Forbearances fall further and faster mid-month

Forbearance exits picked up from the previous week, maintaining a pace set earlier this year, with levels falling among all major loan types, according to the latest data from Black Knight.

Forbearances dropped by 19,000, for the weekly period ending Oct. 26, after falling by 7,300 a week earlier. Mid-month declines are typically more muted compared to data from earlier and late in the month, when plans reach their scheduled review dates. The current number of borrowers in forbearance currently total approximately 1.22 million, 1.5% below the previous week’s figure of 1.24 million. The data comes from Black Knight’s McDash Flash daily dataset.

“More than 470,000 homeowners left forbearance in the first 26 days of October, making it the largest month for exit activity in more than a year,” said Andy Walden, vice president of market research at Black Knight, in a blog post.

Approximately 140,000 distressed borrowers are approaching the end of pandemic-related forbearance relief granted through the CARES Act, which will likely lead to further reductions in the coming weeks, he added. Homeowners who opted for CARES Act protections at the beginning of the COVID-19 pandemic in March 2020 saw them expire at the end of September per the bill’s provisions.

According to the Mortgage Bankers Association’s survey of servicers, 22.4% of those who have left forbearance plans between Oct. 4 and 17 did so with no loss mitigation plan in place.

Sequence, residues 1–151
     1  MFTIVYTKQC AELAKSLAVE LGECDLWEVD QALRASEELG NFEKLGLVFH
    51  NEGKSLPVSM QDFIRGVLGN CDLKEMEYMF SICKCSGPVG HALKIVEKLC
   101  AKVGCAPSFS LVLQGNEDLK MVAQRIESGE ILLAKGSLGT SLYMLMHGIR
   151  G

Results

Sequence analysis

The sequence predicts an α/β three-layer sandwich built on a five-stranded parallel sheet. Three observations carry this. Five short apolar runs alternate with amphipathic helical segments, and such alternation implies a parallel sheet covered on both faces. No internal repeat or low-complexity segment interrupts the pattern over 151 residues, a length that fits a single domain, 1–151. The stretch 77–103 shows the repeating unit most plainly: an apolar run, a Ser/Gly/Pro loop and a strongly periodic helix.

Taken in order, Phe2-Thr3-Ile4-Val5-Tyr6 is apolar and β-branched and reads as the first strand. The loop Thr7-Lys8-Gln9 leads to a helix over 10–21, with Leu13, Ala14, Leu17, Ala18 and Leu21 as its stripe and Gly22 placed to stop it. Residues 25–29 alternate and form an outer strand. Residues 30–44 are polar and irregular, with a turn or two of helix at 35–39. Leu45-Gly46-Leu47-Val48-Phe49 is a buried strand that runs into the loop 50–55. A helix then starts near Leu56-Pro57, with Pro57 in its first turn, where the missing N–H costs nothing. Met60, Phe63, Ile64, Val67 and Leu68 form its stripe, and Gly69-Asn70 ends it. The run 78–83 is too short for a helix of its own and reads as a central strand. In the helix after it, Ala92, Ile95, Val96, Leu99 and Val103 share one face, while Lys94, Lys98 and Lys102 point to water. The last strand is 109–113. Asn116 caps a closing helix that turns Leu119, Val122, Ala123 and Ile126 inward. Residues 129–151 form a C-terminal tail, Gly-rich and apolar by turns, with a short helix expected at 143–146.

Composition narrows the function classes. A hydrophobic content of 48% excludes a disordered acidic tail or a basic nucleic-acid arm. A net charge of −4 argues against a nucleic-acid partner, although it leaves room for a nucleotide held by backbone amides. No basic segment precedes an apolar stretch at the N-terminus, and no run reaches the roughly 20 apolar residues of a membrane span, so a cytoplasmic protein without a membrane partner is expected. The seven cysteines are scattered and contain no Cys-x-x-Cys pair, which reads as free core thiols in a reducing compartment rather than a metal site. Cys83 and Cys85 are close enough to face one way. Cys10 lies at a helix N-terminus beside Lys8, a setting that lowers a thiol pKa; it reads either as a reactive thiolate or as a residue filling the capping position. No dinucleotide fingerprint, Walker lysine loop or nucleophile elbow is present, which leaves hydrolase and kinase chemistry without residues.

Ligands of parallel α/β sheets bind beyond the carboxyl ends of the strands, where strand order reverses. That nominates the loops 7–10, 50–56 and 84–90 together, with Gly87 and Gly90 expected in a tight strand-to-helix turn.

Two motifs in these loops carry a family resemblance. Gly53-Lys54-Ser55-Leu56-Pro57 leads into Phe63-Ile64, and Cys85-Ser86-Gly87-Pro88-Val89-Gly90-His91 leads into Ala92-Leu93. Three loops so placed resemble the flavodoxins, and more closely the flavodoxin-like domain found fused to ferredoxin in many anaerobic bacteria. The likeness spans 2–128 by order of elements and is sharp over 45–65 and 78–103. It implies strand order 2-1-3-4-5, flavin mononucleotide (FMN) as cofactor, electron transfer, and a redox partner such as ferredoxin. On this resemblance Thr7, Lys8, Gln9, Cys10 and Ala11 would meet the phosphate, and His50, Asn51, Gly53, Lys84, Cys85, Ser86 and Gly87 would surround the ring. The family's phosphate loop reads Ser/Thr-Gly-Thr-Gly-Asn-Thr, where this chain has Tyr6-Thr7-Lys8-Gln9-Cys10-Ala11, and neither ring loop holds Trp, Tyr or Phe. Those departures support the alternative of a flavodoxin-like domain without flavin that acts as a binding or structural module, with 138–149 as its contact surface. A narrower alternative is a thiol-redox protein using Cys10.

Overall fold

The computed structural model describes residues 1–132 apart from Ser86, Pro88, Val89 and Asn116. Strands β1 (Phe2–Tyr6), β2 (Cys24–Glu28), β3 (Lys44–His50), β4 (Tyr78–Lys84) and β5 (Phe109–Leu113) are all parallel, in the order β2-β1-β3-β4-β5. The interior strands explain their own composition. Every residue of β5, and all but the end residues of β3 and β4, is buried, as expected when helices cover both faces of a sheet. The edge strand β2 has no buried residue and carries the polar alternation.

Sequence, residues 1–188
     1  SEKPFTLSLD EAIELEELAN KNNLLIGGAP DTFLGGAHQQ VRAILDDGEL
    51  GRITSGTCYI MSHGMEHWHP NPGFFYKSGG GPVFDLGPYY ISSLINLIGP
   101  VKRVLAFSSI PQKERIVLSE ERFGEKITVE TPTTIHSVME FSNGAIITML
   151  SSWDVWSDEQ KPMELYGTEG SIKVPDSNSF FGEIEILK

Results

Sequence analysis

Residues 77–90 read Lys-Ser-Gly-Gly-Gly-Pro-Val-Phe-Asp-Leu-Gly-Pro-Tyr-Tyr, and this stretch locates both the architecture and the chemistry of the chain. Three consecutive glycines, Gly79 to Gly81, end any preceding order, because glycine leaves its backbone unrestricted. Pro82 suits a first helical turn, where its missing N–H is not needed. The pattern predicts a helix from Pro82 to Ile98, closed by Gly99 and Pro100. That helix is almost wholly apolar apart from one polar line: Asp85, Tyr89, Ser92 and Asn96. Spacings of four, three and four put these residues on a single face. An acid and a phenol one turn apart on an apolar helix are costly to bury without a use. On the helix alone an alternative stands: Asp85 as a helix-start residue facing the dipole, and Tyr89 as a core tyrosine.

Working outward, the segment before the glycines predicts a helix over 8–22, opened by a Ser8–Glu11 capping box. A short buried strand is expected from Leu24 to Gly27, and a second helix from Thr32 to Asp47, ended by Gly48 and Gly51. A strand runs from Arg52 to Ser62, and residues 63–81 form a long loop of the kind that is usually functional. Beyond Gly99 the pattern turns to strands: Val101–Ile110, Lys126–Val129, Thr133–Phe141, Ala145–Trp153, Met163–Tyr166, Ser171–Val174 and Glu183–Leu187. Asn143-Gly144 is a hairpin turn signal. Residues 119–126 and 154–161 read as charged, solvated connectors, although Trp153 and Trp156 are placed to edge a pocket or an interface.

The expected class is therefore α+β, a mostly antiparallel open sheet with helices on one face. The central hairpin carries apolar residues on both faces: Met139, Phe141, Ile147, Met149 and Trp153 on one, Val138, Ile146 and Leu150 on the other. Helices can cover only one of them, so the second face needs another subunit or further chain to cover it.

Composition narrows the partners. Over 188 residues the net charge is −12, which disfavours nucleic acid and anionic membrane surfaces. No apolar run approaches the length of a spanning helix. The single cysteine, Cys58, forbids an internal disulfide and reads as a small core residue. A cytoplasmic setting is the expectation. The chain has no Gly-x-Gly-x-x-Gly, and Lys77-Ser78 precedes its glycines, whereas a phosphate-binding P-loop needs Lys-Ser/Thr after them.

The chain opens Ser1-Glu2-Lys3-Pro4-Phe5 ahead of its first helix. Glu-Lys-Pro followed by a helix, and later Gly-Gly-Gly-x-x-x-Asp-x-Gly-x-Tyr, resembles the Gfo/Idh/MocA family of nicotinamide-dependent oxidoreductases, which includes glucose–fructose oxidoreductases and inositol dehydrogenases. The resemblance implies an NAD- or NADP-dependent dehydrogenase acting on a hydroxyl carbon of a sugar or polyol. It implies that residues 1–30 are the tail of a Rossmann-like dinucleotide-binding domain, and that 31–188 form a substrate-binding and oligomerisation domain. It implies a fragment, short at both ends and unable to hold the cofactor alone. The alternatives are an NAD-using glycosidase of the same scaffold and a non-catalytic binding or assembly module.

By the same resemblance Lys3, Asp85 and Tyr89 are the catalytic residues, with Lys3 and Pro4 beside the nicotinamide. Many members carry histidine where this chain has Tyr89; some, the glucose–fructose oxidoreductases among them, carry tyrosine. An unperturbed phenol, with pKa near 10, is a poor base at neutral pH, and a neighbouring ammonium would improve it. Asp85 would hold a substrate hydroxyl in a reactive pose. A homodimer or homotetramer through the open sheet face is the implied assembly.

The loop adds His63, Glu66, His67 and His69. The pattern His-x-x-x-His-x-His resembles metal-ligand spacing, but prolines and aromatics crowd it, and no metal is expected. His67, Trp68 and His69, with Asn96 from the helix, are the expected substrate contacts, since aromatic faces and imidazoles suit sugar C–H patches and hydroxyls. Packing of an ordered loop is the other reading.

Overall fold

Forborne loans currently make up 2.3% of active mortgages relative to the entire servicing portfolio of 53 million. That total includes 1.3% belonging to government-sponsored-enterprise pools, 3.9% of the volume backed by either the Federal Housing Administration or Veterans Affairs and 3% in portfolio-held or privately securitized loans.

Forbearances decreased across all loan types, with loans backed by GSEs falling by 7,900 after recording a 2,800 decline the week prior. Falling nearly as much in volume were FHA- and VA-sponsored loans, where 7,700 borrowers dropped off, slowing from the previous week’s larger dip of 10,500. The portfolio and PLS pool of forbearances also declined by 3,300, reversing course a week after it added 6,000 new distressed borrowers.

With the drop in distressed borrowers, unpaid balances among mortgages in forbearance decreased by 1.3% week over week from approximately $231 billion to $228 billion. The current total includes $74 billion in GSE pools, down from $76 billion a week earlier. FHA/VA-backed loans account for $79 billion, edging down from $80 billion seven days ago. $75 billion are held in distressed portfolio or private-label securities, the same as the previous week.

Earlier this month, the Consumer Financial Protection Bureau extended the deadline for homeowners to make initial forbearance requests due to pandemic hardships for government-sponsored loans, including those taken through FHA and VA programs. Originally scheduled to expire at the end of September, the request deadline has been extended until the end of the pandemic.

But thus far, the extension has not resulted in a wave of new forbearance starts that have noticeably slowed the pace of decline. Although new starts edged slightly higher for the week, the number is 28% below the level from the same time last month, Walden said.

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